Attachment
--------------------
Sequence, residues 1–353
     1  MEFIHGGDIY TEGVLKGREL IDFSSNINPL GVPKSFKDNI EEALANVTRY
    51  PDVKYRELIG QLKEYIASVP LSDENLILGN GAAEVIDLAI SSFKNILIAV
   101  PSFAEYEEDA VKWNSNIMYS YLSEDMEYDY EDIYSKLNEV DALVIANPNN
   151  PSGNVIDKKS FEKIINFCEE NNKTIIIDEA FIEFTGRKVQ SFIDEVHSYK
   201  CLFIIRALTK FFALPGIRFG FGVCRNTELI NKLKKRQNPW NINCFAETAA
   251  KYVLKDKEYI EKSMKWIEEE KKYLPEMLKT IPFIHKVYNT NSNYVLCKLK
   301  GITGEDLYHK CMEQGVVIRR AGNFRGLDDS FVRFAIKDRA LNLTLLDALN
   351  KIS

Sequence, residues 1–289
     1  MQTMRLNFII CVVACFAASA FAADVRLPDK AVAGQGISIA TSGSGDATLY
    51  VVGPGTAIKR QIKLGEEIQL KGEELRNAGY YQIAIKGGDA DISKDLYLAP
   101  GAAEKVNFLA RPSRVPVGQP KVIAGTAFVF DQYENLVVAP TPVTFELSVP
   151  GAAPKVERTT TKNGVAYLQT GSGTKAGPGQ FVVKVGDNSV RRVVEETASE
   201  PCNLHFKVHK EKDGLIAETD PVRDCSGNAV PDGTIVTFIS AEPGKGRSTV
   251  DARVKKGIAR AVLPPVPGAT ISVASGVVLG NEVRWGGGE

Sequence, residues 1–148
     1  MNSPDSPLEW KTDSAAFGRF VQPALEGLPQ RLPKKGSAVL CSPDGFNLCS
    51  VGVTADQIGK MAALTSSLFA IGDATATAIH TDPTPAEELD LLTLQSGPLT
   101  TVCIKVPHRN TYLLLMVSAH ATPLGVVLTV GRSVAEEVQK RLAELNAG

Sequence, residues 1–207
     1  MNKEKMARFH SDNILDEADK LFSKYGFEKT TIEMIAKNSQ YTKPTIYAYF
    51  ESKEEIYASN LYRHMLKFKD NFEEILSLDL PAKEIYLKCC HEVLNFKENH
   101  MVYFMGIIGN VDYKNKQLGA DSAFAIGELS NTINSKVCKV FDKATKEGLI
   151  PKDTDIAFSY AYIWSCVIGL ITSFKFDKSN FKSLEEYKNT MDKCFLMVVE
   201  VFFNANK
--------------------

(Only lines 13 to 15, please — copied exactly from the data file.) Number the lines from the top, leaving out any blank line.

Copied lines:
   101  GAAEKVNFLA RPSRVPVGQP KVIAGTAFVF DQYENLVVAP TPVTFELSVP
   151  GAAPKVERTT TKNGVAYLQT GSGTKAGPGQ FVVKVGDNSV RRVVEETASE
   201  PCNLHFKVHK EKDGLIAETD PVRDCSGNAV PDGTIVTFIS AEPGKGRSTV